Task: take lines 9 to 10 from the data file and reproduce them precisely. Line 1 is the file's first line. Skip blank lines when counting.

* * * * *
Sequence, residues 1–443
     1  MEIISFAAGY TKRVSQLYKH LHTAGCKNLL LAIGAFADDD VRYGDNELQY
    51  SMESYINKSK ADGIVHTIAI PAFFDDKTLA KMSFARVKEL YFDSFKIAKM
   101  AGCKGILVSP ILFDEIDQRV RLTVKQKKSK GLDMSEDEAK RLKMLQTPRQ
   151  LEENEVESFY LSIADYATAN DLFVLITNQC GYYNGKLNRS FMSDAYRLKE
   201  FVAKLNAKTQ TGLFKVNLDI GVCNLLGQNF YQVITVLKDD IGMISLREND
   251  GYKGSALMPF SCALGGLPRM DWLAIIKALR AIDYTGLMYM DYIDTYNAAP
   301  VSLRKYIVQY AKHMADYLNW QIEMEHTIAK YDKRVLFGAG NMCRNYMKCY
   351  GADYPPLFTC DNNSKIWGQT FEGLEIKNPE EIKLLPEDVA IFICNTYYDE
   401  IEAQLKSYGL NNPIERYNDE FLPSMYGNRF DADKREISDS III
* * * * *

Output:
   351  GADYPPLFTC DNNSKIWGQT FEGLEIKNPE EIKLLPEDVA IFICNTYYDE
   401  IEAQLKSYGL NNPIERYNDE FLPSMYGNRF DADKREISDS III